He laughed. "Sure. When you're dictator of the world you won't have to lie. You can just let people know how you really feel and they'll have to deal with it."

I was tempted to hang up on him. He wasn't nearly as cool as I'd thought and he didn't understand me. He was ordinary.

I was enjoying being home alone – in theory-- but in the back of my mind I was starting to worry about school. The kids had listened to me for a while when I was organizing the letter, but now maybe they felt differently, especially now that the letter had gotten them into trouble. I remembered when I'd first started at Bramwell Academy a year and a half ago. I had felt shy at first but then some girls had been friendly and drawn me into their lunch group and invited me to the mall and birthday parties. Being one of them had been the best feeling.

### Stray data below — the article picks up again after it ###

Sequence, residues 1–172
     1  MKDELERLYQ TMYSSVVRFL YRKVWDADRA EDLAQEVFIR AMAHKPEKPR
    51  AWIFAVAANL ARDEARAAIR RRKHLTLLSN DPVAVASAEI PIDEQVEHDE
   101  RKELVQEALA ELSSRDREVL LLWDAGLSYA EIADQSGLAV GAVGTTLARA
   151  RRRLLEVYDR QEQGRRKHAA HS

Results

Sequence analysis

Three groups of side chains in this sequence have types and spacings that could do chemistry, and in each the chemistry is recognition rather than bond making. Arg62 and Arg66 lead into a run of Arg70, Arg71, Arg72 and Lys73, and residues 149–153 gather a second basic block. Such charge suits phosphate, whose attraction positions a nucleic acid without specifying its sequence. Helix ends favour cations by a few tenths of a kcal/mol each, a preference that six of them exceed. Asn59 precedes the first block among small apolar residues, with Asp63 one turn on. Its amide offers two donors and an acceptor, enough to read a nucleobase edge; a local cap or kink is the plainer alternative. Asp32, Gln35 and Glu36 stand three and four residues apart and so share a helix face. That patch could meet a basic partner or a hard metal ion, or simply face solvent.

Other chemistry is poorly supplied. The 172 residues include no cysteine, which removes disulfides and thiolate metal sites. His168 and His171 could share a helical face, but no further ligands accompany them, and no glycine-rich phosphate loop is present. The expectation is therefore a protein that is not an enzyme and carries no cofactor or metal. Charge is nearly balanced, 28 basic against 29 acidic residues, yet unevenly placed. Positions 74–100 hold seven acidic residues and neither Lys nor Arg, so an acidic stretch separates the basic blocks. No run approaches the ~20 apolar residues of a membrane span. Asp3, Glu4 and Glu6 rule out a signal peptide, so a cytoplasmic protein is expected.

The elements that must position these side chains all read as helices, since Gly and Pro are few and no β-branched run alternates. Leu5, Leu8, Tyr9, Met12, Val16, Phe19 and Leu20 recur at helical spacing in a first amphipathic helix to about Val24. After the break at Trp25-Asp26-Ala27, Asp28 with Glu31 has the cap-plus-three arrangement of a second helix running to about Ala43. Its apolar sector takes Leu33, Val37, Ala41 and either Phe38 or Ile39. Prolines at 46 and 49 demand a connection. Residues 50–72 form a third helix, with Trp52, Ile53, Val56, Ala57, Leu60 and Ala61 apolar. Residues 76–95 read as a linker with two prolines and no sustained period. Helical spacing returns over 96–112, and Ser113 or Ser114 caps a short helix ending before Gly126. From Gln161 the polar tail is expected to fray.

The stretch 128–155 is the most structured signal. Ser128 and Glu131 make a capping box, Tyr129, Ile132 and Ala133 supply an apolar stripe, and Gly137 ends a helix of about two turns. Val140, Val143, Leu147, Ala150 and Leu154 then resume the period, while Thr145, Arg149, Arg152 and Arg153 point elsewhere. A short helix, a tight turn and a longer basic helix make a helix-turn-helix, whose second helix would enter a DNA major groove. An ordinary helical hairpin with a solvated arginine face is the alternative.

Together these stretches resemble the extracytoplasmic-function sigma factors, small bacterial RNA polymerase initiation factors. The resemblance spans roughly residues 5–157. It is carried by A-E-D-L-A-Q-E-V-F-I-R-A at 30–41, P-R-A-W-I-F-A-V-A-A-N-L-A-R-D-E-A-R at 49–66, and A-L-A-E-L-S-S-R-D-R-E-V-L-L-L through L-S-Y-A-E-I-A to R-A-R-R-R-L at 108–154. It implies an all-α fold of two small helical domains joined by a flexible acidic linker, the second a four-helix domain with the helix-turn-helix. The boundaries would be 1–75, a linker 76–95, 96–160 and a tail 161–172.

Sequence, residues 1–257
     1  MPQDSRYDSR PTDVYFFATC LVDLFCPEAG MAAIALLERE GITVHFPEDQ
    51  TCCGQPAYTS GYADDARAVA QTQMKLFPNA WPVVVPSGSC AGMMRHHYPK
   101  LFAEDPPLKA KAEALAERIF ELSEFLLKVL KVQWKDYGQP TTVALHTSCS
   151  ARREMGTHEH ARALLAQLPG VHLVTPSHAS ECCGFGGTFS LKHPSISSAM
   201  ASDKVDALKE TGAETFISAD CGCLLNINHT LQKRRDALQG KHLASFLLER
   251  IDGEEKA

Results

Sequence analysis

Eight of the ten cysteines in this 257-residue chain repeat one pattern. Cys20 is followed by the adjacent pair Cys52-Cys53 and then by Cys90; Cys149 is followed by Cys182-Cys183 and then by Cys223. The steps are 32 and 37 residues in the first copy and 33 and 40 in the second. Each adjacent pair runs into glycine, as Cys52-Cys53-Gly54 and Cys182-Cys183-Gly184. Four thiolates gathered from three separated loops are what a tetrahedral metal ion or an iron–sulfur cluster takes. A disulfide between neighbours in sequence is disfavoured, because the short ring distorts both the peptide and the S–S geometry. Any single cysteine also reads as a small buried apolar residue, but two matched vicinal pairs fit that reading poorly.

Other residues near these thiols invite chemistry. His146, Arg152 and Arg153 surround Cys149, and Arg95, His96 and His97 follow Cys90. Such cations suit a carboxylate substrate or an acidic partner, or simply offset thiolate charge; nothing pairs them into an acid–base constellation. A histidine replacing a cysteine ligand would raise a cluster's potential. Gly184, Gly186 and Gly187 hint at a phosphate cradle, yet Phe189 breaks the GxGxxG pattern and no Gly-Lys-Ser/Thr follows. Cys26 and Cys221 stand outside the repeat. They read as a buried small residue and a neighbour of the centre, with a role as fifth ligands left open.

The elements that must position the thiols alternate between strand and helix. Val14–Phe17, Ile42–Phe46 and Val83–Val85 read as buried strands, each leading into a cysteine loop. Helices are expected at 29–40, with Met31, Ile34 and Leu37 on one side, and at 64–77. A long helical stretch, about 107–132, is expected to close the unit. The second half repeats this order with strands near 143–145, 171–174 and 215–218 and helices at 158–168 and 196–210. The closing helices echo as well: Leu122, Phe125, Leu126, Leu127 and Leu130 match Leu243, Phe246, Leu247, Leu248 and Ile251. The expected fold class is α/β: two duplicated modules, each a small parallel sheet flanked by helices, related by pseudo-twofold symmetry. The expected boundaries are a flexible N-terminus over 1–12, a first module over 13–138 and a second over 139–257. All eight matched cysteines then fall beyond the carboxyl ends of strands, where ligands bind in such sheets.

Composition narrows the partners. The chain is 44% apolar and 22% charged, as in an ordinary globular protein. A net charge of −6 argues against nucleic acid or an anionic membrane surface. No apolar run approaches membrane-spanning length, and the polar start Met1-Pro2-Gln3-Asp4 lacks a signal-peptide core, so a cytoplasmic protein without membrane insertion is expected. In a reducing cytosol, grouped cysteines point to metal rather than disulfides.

But after six weeks, Leia took me aside and told me that they'd done this only because I was new and they were trying to make me feel welcome. At that point, she hinted, I was no longer part of their group. It wasn't as if they had chosen me because they liked me. I was neither part of the old gang nor new and interesting. So, I was – not exactly in so many words but in fact – kicked out of the group. I was crushed. Maybe it would be like that again when I returned to school – especially now that Freya was gone.

On Friday morning, after my parents left for work, I went out. This was against the rules but I was getting stir crazy. I walked for a long time, enjoying the blue and yellow flowers, the crazy, happy birds, and the air that was just warm enough. I kicked small stones down the road, talked softly to barking dogs behind fences, splashed in puddles, and thought and thought, trying to decide what to do.